Four Unusual Snowstorms of This Decade
It is only October, yet my son is already talking about what to do during snow days. He recalls his memories from last year when students at Minneapolis Public School District enjoyed over 10 days of closings related to cold and snow. As you recall your own joyful snow memories, let’s look back on four unusual snowstorms of this decade.
Unusual location: Aloha, winter!
An island chain in the middle of the Pacific Ocean, Hawaii is one of the world’s most popular vacation spots. With a mild climate featuring a winter high of 78°F and a summer high of 85°F, the tropical paradise is known for its beautiful white beaches, not beautiful white snowflakes. The Aloha state’s tallest volcanoes get a dusting of snow at their peak every year, but the recent blanket of snow at Polipoli Spring State Recreation Area (for the first time, it is believed!) gets the crown for the most unusual winter wonderland.
Unusual season: April showers bring May snow flurries?!
While most of us are conditioned to expect colder temperatures – maybe even snow – from December to March, Minnesotans typically endure a longer, colder winter. In fact, the Twin Cities are the coldest metropolitan area in the continental United States with an average winter temperature of 10°F! Despite the long, cold winters, the mercury begins to rise in late March to early April, thawing the ground and making room for spring in the southern portions of the state. Unfortunately, spring 2013 came later than usual when over a foot of snow blanketed the state in early May.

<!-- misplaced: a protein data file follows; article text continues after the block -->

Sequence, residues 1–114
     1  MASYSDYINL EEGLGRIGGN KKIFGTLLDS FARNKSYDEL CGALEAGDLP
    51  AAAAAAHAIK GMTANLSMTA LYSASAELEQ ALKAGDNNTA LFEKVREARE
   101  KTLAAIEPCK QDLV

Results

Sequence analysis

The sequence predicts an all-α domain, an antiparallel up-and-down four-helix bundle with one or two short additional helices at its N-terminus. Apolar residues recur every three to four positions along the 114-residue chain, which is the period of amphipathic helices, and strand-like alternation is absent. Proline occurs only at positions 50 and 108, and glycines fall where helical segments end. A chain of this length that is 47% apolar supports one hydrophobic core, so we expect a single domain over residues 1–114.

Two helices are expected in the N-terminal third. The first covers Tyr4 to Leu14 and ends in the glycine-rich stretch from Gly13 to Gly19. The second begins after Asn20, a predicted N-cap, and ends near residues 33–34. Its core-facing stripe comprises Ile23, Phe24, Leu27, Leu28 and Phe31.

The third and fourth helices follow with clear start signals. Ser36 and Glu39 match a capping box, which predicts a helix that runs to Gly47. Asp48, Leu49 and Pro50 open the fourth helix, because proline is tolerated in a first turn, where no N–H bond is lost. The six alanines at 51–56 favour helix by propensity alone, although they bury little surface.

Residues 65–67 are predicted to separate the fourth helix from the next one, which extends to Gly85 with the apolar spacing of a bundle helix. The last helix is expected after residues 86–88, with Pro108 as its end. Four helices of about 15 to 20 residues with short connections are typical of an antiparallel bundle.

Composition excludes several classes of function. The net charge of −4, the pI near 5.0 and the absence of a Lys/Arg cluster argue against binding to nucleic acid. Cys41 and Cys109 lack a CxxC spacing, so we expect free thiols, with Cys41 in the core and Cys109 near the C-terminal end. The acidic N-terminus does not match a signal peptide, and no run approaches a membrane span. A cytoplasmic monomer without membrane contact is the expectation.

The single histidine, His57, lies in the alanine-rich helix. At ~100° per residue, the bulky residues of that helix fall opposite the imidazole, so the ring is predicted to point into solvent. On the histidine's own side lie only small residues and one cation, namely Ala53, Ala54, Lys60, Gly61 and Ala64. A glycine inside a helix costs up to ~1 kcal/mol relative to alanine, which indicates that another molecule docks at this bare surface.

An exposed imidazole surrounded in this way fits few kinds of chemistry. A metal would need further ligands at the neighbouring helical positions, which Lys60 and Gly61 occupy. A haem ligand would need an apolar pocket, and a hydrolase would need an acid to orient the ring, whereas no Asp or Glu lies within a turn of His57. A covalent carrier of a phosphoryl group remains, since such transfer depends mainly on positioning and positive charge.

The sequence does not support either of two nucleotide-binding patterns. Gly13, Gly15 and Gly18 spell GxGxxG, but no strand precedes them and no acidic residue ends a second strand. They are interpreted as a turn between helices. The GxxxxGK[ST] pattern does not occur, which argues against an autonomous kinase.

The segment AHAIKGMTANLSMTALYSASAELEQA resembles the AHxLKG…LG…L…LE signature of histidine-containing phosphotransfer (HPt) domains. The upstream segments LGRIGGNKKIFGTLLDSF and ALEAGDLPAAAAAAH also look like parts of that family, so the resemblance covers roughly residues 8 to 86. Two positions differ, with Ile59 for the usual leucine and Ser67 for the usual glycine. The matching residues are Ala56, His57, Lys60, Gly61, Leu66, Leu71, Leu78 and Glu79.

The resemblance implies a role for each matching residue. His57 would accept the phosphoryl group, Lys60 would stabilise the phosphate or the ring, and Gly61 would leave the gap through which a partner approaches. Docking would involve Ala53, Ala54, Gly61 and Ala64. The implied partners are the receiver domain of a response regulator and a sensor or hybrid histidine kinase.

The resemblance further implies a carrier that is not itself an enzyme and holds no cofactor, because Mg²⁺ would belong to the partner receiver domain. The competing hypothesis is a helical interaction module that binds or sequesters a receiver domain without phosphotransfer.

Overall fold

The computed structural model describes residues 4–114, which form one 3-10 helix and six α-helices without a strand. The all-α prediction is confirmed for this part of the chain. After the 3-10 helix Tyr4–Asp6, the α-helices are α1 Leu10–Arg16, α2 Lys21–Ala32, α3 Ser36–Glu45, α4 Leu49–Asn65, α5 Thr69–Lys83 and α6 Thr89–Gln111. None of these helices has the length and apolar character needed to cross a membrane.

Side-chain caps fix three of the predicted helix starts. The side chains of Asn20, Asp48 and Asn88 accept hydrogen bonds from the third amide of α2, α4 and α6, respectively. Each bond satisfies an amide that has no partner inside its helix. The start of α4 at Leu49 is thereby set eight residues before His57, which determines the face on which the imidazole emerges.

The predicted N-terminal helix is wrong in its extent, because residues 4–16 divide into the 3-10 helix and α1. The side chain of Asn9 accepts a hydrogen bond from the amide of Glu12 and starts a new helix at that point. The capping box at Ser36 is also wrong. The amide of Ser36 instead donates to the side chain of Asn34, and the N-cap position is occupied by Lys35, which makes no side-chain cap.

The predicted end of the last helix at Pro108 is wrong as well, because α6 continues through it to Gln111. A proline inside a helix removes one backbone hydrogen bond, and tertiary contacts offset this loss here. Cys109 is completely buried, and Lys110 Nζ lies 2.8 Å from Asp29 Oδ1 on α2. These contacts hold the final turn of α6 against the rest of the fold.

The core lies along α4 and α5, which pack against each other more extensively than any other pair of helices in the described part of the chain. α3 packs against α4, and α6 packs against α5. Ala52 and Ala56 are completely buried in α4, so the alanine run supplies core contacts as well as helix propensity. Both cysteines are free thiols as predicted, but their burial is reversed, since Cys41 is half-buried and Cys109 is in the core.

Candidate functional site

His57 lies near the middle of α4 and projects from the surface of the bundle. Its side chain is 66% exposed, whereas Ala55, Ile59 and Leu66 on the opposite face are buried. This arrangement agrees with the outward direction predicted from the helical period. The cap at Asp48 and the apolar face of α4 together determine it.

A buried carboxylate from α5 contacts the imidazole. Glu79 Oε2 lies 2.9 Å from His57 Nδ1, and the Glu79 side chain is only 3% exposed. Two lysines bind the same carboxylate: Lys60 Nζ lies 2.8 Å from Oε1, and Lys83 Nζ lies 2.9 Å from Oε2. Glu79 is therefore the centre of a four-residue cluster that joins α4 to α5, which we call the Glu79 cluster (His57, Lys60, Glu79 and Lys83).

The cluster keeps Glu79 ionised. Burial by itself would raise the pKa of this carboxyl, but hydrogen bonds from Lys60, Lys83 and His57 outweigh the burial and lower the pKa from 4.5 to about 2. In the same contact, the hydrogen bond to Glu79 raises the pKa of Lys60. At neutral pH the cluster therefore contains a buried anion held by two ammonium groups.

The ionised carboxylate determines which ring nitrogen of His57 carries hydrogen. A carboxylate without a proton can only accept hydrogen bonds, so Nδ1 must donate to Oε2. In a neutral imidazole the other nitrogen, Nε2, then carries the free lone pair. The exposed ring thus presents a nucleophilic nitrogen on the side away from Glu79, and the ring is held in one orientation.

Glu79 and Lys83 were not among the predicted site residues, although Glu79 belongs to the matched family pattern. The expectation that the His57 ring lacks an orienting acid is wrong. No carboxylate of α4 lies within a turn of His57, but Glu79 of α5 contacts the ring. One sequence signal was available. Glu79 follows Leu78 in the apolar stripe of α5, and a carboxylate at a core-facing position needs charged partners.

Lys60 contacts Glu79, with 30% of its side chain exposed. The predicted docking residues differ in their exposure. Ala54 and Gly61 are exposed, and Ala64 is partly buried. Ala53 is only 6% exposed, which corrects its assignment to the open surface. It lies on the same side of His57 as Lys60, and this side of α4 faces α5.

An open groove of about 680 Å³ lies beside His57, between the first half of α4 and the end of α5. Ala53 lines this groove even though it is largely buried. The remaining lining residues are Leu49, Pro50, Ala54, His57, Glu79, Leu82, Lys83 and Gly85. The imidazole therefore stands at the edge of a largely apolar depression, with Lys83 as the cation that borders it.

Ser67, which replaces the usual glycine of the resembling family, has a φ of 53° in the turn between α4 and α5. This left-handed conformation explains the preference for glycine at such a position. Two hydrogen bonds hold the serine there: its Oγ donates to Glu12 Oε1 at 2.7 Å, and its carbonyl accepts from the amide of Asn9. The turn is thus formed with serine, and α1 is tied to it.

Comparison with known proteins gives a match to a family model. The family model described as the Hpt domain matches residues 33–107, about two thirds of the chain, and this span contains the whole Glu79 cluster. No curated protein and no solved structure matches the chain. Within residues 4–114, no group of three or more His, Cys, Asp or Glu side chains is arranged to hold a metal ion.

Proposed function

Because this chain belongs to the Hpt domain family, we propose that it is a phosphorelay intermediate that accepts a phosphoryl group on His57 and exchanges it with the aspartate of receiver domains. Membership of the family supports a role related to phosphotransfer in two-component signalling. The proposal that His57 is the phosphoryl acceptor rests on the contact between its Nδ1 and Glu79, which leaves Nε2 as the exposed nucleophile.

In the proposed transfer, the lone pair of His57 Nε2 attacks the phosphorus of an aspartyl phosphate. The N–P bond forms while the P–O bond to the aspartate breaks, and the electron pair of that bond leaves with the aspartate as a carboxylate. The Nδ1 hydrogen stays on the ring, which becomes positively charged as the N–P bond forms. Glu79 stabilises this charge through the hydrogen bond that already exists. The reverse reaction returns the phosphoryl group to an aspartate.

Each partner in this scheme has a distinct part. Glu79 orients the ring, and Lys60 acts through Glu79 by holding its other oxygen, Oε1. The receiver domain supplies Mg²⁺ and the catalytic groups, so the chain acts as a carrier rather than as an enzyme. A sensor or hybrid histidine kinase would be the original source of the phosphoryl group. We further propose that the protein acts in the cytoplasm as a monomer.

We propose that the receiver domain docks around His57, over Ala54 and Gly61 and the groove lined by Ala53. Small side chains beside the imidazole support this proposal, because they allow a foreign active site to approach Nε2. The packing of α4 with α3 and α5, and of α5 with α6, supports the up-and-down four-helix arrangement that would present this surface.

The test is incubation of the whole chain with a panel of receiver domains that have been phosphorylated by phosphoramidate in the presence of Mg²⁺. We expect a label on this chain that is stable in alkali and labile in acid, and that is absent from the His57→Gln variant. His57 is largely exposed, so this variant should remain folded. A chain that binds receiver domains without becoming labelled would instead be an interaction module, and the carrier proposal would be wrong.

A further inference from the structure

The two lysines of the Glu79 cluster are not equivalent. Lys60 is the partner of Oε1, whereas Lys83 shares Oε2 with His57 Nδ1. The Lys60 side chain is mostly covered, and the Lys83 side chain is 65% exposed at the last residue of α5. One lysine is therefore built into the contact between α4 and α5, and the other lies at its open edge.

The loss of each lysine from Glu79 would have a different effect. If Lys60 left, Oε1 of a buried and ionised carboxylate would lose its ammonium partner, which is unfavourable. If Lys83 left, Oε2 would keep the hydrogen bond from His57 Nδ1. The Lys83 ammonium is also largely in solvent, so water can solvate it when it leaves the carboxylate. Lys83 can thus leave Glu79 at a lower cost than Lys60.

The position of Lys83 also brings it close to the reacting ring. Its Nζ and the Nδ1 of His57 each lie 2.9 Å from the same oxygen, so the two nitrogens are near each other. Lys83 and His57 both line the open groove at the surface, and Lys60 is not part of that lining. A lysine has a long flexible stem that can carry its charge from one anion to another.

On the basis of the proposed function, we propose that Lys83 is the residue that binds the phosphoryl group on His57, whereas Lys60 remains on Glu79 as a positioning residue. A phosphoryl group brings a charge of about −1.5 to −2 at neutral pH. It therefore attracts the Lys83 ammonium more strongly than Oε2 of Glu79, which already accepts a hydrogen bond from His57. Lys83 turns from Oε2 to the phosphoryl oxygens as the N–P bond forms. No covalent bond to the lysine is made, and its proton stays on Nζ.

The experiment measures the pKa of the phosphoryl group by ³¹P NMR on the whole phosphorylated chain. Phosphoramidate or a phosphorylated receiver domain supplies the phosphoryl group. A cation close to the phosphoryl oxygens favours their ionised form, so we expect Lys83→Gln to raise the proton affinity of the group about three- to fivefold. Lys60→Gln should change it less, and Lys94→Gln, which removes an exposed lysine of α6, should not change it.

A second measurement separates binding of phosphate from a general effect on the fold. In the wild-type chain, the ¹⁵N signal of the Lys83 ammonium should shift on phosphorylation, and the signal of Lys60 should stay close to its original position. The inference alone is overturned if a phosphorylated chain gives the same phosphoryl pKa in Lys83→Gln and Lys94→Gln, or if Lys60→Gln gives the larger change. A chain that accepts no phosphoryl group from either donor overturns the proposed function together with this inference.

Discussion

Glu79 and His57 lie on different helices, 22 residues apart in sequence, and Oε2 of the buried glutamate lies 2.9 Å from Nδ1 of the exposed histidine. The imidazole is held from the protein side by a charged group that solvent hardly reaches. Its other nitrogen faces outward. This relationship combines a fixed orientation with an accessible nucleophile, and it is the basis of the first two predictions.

Unusual amount: when it snows, it pours
In 1921, Silver Lake, CO set the record for most snowfall in a 24-hour period in the United States when 75 inches of snow fell. We haven’t seen a snowfall like that in modern history, but we’ve seen our share of crippling storms, including the blizzard in January 2016. Described as “one of the great blizzards of the past 100 years in terms of amount of snowfall, size of impacted areas and population affected,” Winter Storm Jonas dumped snow as far south as Alabama and Mississippi with over 27 inches of snow falling in New York City within 24 hours.
Unusual impact: you’re grounded!
In the first half of 2019, about 38% of flight delays were the result of weather. Despite weather delays being a common occurrence across the U.S., it’s rare to see the media reporting on flight delays or cancellations. On the contrary, Winter Storm Harper was all over the news in January 2019 due to its impact on air travel when it hit a wide geography from the West Coast into the Great Plains to New England. More than 4,000 flights were cancelled, potentially impacting half million passengers.
These four snowstorms were unusual and unique for many reasons. But power outages are a common result of snow storms. Tree limbs with heavy snow accumulation can break, bringing down power lines. Additionally, heavy snow and ice can collect on the power lines themselves, causing them to break. In some cases, the winds accompanying a snow storm can bring down power lines. Having a plan for backup power will ensure your heat stays on, keeping your family safe and warm for the duration of the power outage.
Are you and your family prepared for the winter storm season? Start your preparation by checking out 12 Winter Storm Season Prep Tips. And sign up for the Cummins newsletter to get valuable resources and tips, including information on backup power options, to help your family weather the storm.